DeSantis claimed to have no involvement with the credit default swaps.

"After 12 months of hard work dismantling the company -- during which A.I.G. reassured us many times we would be rewarded in March 2009 -- we in the financial products unit have been betrayed by A.I.G. and are being unfairly persecuted by elected officials. In response to this, I will now leave the company and donate my entire post-tax retention payment to those suffering from the global economic downturn. My intent is to keep none of the money myself," DeSantis wrote in the Times.

According to Stephen Blake, 15 of the 20 top senior officers who received bonuses have agreed to return the money in March, he said, while others -- like DeSantis -- plan to donate the bonuses to charities.

Blake echoed Liddy's Congressional testimony of last week arguing that the company was contractually obligated to pay out bonuses; that many of the workers had nothing to do with the downfall; that bonuses were necessary to retain the best people; and that many employees continued to work long hours despite being threatened.

"One incentive to stay on and help the company, despite the inevitable end to the story, was AIG's promise back in early 2008, many months before the federal bailout in September, to make retention payments," Blake said.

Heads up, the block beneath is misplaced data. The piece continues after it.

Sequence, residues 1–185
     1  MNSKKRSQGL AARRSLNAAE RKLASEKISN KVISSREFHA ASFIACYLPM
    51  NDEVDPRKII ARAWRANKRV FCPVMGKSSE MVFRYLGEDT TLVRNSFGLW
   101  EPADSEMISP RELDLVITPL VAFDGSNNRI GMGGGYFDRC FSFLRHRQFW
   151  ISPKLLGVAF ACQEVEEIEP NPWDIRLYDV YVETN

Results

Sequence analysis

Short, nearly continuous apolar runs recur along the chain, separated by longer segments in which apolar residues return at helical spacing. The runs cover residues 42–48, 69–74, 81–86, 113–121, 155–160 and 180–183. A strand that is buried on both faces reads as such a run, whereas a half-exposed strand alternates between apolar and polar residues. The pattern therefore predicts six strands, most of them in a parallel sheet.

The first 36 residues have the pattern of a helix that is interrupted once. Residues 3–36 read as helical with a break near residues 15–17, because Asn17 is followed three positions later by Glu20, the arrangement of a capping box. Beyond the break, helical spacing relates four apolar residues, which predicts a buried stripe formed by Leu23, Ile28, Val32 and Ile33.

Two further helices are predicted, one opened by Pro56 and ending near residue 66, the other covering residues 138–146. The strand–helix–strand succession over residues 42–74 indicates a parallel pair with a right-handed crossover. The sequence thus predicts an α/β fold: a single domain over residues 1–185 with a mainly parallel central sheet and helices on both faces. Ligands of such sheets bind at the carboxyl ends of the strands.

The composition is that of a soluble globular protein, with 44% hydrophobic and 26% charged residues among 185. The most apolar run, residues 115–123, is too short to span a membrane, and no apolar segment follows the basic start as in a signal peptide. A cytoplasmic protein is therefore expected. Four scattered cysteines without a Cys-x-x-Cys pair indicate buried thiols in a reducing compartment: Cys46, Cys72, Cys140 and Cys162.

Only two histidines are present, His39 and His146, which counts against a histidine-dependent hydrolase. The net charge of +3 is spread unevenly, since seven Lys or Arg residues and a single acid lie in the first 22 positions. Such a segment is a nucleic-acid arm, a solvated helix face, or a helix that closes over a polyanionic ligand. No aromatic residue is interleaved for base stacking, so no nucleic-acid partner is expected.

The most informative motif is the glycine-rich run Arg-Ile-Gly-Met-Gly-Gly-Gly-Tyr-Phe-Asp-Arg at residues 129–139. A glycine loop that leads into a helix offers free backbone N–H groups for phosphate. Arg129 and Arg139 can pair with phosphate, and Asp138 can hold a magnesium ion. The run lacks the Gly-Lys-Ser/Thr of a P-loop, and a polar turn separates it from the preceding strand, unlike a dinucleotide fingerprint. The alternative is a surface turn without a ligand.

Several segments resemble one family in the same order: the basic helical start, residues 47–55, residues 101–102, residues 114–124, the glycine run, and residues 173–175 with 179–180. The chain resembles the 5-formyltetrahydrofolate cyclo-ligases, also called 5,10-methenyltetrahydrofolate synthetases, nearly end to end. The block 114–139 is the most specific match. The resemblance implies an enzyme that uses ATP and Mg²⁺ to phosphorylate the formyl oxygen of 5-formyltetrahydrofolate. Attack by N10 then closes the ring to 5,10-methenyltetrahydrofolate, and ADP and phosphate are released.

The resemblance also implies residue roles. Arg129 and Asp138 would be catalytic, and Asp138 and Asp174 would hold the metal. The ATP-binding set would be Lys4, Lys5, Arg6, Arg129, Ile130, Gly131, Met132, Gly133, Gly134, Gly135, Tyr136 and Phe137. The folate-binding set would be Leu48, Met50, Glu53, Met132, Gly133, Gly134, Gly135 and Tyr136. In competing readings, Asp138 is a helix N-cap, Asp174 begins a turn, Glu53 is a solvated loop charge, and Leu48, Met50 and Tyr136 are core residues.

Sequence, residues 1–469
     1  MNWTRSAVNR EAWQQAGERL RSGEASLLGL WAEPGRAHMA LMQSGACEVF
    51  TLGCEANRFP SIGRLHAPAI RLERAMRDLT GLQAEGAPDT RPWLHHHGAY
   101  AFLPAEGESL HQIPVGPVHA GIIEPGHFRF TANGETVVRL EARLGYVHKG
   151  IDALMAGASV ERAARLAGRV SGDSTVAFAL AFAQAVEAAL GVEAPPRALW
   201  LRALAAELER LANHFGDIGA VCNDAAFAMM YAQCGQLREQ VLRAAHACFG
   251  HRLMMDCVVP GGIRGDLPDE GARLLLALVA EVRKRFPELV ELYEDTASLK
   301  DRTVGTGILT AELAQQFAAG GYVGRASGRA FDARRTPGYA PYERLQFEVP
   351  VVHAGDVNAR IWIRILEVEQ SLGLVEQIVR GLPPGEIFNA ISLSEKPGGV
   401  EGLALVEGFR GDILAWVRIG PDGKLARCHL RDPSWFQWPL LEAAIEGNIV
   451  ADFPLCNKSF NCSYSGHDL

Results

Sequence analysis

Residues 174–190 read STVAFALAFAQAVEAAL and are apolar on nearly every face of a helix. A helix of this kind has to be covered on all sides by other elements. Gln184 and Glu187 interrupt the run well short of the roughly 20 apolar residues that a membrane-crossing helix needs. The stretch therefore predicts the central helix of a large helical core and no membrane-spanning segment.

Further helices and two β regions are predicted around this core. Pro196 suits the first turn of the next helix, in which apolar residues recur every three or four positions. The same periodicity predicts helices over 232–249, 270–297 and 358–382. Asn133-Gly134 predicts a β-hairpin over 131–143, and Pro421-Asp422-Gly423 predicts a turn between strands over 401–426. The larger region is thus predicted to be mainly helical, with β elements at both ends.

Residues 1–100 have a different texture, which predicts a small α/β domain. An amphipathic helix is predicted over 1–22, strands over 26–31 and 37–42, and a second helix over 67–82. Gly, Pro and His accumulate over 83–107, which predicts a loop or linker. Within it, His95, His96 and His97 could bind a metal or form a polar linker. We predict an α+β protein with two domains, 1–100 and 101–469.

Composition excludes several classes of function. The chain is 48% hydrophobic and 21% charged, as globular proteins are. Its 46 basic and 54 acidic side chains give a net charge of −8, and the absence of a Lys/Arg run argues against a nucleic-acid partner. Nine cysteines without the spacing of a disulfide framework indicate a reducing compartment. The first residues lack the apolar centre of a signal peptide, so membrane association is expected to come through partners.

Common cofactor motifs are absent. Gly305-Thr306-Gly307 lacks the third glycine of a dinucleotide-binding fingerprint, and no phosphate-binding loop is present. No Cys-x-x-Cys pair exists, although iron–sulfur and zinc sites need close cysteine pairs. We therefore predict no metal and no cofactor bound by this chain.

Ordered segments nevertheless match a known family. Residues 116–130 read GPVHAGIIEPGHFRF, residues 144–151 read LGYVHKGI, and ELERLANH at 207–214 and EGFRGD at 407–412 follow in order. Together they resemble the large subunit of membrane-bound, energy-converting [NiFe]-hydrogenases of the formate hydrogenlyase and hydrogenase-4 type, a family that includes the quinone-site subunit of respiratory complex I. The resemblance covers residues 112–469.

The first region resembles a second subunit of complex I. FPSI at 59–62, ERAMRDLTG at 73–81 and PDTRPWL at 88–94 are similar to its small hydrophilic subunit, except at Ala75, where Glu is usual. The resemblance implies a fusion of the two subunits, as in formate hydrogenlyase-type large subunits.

If anger is increasing among AIG employees, some political observers believe it is waning in Washington, just a week after Treasury Secretary Timothy Geithner, President Barack Obama and lawmakers from both sides of the aisle lambasted Liddy over the bonuses.

Since calling on the very financial companies it blames for the crisis to clean up the mess by buying up toxic assets, the Obama administration has tamped down some of the rage it had previously directed at financial firms and the bonus-loving executives who run them.

Congress Changes Its Tune on Bonuses

The House Financial Services Committee on Thursday adopted a toned-down version of a bill passed last week that would have taxed 90 percent of bonuses received by employees who work at companies that get TARP money. The new bill would allow those companies pay bonuses as long as the government determines the compensation is not "unreasonable or excessive."

The Senate also recently put on hold a bill that Democrats unsuccessfully tried to advance last week, which would have taxed 70 percent of the employee bonuses at AIG and other companies getting more than $100 million in bailout money.